Spaniard faces his old team in Europe next week.
Ex-Tottenham Hotspur head coach Juande Ramos has heavily criticised the north London club’s transfer policy, as well as labelling some of his former players at White Hart Lane as “fat”, according to exclusive reports in the Daily Mail.
The Spaniard is now in charge of Russian outfit Dnipro Dnipropetrovsk, who take on Tottenham in the Uefa Europa League next week.
And ahead of that meeting, Ramos has spoken out about his 12 months in the Spurs hot seat, with the 59-year-old saying that the north Londoners’ chairman Daniel Levy was only interested in making money in the transfer market, and as a result, the club will never win the Premier League with such a strategy.
“City sign Jesus Navas, Alvaro Negredo. They don’t look at the age of the player, they look at the performances. Spurs look at the age, thinking of a future sale.
“I advised them to sign Luka Modric. He spent a couple of years developing and started performing well and they sold him.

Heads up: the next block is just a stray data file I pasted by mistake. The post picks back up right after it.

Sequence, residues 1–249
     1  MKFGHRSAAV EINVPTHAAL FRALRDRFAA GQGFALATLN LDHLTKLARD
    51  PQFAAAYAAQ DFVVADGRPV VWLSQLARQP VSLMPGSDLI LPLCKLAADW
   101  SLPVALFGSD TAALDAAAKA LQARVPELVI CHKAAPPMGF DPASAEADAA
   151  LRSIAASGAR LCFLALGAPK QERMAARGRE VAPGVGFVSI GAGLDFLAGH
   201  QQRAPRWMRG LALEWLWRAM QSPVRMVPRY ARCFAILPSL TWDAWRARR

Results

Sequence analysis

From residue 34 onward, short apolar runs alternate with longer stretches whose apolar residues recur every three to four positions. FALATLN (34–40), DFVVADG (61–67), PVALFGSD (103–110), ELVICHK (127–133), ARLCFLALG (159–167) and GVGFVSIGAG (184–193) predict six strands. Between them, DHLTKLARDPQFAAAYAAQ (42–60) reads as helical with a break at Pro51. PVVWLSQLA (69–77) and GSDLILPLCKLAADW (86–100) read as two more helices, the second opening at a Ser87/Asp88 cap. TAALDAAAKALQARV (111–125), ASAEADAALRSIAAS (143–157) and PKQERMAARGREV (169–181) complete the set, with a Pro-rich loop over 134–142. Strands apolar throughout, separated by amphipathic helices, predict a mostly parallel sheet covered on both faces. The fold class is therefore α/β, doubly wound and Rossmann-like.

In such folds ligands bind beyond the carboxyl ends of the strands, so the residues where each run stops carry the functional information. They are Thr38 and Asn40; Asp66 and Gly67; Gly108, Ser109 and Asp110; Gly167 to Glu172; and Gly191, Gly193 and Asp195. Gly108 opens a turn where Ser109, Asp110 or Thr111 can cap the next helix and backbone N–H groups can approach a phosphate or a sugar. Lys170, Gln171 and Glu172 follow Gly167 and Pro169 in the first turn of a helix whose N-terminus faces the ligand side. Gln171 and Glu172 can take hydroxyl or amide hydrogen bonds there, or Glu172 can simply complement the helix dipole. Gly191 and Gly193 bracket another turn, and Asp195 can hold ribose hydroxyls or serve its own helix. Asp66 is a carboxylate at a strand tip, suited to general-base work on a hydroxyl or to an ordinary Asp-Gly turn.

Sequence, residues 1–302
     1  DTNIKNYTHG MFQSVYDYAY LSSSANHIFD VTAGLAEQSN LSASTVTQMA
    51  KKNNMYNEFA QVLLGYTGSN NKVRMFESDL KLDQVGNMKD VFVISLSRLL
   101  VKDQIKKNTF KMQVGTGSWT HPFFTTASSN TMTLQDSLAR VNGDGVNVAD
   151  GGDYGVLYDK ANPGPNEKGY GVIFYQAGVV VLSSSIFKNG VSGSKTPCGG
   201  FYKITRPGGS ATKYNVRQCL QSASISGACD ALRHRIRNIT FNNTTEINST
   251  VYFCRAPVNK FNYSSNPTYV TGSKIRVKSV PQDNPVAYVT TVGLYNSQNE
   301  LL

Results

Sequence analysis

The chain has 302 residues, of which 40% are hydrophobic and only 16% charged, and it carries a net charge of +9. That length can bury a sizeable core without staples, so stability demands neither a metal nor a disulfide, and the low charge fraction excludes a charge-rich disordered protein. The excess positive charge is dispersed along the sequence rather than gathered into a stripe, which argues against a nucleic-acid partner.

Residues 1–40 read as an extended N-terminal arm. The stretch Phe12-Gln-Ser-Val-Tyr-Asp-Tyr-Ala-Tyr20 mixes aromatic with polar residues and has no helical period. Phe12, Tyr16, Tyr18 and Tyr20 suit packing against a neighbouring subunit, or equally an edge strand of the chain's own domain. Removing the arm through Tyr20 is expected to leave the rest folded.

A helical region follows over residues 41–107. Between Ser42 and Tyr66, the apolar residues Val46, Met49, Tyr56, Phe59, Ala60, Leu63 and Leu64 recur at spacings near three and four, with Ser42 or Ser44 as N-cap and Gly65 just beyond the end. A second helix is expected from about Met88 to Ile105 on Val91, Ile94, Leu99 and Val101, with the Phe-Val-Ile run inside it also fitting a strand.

“Why aren’t Spurs going to win the league? Because they are always a small step below those three or four teams. Economically it works well but in sporting terms it needs a slight tuning. What are you chasing? Titles or economic success?
“Then you don’t sack the manager for not always being in the top four. I didn’t have a problem with selling [Dimitar] Berbatov, so long as someone came in to replace him.
“The two strikers that I asked for were Samuel Eto’o and David Villa. But we were left with Darren Bent and Roman Pavlyuchenko.”
And Ramos was also highly critical of the type of food that his players ate during his time at the Lane, saying: “It was incredible. It was like a wedding buffet. Cakes, pastries, sauces. Honestly, and I say this with no bitterness at all, there were players who were… well, fat. They were sedantary.
“In a sportsman the physical condition has to be perfect because you live off your body. Your food is your fuel. If I eat a cake, I’m putting in diesel; an athlete needs to be putting in super fuel. There was some resistance of course — a lad who is 22, 23 years old, with cash in his pocket thinking, ‘And this guy’s coming here telling me what to eat.’
“We trained out in Chigwell and there is a McDonald’s and we would see them there, eating hamburgers and drinking Coca-Cola.
“I couldn’t go to their houses to see what they were eating but if they were not at their ideal weight then I could keep them out of the side. And we recovered in the league, we beat Arsenal for the first time in (nine) years and we won the Carling Cup, all in four months. Everyone’s as happy as hell.”